22 December 2014

A Diamond Jubilee

Jan Grape The movie Gone With The Wind came out in 1939, so it's now seventy-five years old. (Or sixty-fifteen as I say about my age since that was also my birth year.) A Diamond Anniversary as we might say of a marriage lasting 75 years. The movie has long been considered one of the greatest movie achievements of all time. I'm not knowledgeable enough to talk about that statement and I'm sure many Star War or Avitar fans might dispute that.

What I'd like to discuss is my first encounter with the movie. In trying to determine exactly how old I was when I saw the movie. I researched the release of the movie and there was a release in 1954 after about eight years of the movie not being showed in the USA.

People nowadays can't imagine movies coming out and then not being seen for several years. I suppose the idea back in the forties and up through the eighties for movie studios was to distribute a movie and then hold it back for a few years, then crate a buzz for a new release time. Thereby creating more revenue by creating a huge desire to see the movie.

I had read the Margaret Mitchell book, Gone With The Wind and fell in love with the whole story, but especially with the character of Rhett Butler. My movie watching at that time was fairly typical for that time period. We did have a movie theater n Post, Texas, the small town where I grew up. Early on I watched cowboy/westerns with Roy Rogers, Gene Autry, Hop-a-long Cassidy, Lash LaRue, and the  Lone Ranger. After that, I fell in love with big musical productions and movies starring Esther Williams, the swimming movie star.

Sometime in 1954 my mother discovered that Gone With The Wind, starring Clark Gable and Vivian Leigh in the leading roles was in theatres. Mother had seen the movie, probably sometime in the early 40s when it was released and she wanted me to see it. It would only be shown in a Lubbock, TX theater, forty miles from our town of Post. We really couldn't afford for the two of us to go see the movie, and actually mother had two little girls that she would have to take or leave with a baby-sitter. My little sisters were too young to see and enjoy the movie so mother came up a plan.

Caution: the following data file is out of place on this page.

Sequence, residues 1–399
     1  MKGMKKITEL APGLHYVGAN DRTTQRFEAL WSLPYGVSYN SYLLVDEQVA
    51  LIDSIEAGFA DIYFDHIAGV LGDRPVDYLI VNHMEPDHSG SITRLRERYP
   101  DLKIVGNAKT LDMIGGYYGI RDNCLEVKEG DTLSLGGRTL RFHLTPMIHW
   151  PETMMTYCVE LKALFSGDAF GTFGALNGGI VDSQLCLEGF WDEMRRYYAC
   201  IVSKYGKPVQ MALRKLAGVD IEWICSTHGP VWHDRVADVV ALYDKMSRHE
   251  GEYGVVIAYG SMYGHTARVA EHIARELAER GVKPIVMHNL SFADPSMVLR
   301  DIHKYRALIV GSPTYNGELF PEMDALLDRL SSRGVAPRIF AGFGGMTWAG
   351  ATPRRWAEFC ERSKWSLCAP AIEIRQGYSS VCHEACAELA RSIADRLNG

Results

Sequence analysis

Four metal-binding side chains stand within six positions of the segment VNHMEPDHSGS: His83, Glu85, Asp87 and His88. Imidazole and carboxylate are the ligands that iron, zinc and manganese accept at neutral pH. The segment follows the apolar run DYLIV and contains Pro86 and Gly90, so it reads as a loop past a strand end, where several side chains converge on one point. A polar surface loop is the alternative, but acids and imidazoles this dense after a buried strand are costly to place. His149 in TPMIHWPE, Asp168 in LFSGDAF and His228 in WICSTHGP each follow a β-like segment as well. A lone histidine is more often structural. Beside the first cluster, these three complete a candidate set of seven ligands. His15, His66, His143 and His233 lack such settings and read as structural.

Mother bought a round trip ticket for me to ride the Greyhound bus to Lubbock. (It might have been a Trailways bus, I don't actually recall.) I have no memory of how I got to the movie theater but it probably close enough for me to walk. Mother gave me enough money for the movie ticket, probably $1.50, enough for popcorn and a coke because this movie is four hours long and even stops in the middle for an intermission.

This sweeping epic that cost over three million to make is remembered for the beautiful plantation called Tara, where Scarlett O'Hara grew up. One of the most costly and famous scenes is the burning of Atlanta. The movie is certainly faithful to the book as much as an epic novel can be, not exactly word for word, but close enough to scenes and actions in the book.

It tells the story of a manipulative Southern belle spoiled by her rich father. It relates she used men and loved a man she couldn't have, Ashley Wilkes, and even when she married Rhett Butler, she denied him love, although he loved her more than any man ever could.

I remember quite a bit from seeing the movie then but I know I fell madly in love with Rhett Butler. What a handsome, charming, wonderful man. Women loved him and men loved him, too. Hollywood called him a man's man. I could understand that. He didn't let anyone push him around yet could be tender and kind and loving all wrapped up in those rugged good looks.